“This may be the right place for that patient, it may not be,” said Ray Williams, a lobbyist for CTCA. “One of the differences is, this is all we do. … We’re not taking anything away from any of the other wonderful providers that treat cancer in the state. What we’re advocating for and patients are advocating for is, allow us to choose.”

And the emotions and desires of the patient do matter, he added.

“If you’re in a place where you feel comfort and you feel hope,” Williams said, “then you’re in a better mental position and your family’s in a better mental position to embrace that hope.”

Whether it means better health for Georgia patients is less clear.

CTCA has made an effort to publicize statistics that show its outcomes as better than other hospitals’. A Reuters investigation from six years ago suggested that CTCA cherry-picked healthier patients to begin with that skewed the numbers. CTCA said its data were in no way misleading.

As a business, CTCA also concentrates on insured patients, who are more likely to be healthy.

And other Georgia hospitals have cancer experts, too.

Dr. Walter Curran, the executive director of the Winship Cancer Institute of Emory University, points to the depth of expertise there and notes it is Georgia’s only comprehensive center designated by the National Cancer Institute.

“There is evidence that the chances of surviving cancer are up to 25% higher at an NCI-designated cancer center because of access to state-of-the art treatments,” Curran said.

For Pam Alford of Eatonton, CTCA was the only place she wanted to be because it had a doctor who specialized in her rare condition, inflammatory breast cancer. She testified for CTCA in a Senate committee hearing, saying that she was initially told she couldn’t get into CTCA because of the in-state cap.

“It was like someone punched me in the gut,” Alford said. “It was almost as bad as that day I had heard, ‘Ms. Alford, you have cancer.’”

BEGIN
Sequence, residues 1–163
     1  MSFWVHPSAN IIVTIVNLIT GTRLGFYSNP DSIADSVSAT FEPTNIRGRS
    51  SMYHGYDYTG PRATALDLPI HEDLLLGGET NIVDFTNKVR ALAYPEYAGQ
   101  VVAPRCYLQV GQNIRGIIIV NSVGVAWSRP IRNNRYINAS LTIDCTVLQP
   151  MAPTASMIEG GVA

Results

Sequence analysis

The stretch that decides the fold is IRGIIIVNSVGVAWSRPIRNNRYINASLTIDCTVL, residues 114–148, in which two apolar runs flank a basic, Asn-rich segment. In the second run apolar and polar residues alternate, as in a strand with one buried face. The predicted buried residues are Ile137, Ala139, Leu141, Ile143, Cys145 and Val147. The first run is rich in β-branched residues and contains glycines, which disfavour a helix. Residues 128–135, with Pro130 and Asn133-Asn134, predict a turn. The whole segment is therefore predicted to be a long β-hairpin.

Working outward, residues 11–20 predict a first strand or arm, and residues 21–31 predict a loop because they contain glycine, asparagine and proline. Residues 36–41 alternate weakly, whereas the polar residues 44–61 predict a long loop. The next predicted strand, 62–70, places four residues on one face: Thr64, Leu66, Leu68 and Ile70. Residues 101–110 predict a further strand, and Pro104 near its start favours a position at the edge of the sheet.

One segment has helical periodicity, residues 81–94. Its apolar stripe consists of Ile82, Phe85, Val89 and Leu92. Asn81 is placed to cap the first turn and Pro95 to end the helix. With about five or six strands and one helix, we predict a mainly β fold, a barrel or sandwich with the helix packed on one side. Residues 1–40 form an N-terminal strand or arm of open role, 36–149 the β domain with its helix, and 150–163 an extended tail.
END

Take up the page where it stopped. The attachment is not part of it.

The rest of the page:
Eventually, she got in. Whereas before she had had to go to four different hospitals for tests, CTCA had everything there for her, she said. She didn’t have to wait for tests but got them immediately. Asked afterward whether CTCA made any changes to her medical treatment, she demurred but added that CTCA had additional services such as acupuncture.

“The whole concept is what is different,” Alford said. She spoke at the signing ceremony as well and told a reporter afterward that she felt treated like a participant in her care, which she called important because having cancer is also a mental battle.

Andy Freeman, the director of government relations for the American Cancer Society Cancer Action Network in Georgia, called HB 186 “a compromise on all sides.”

“In order to continue saving lives, we need to ensure that all cancer patients, regardless of type of insurance they have, receive the care they need,” Freeman said in a statement. “We look forward to cancer patients in Georgia having access to the quality health care necessary to help them treat and overcome this disease.”


Gov. Brian Kemp on Thursday signed House Bill 186, legislation that will allow the Cancer Treatment Centers of America campus in Newnan to treat more patients from Georgia. The move changes the state’s certificate of need law, which was meant to protect the bottom lines for nonprofit hospitals that spend a lot of money treating uninsured patients that they’re obligated to serve. The hospitals try to make up the difference by treating insured patients with profitable services, such as bone surgery and cancer care, but private health care companies also prize such patients.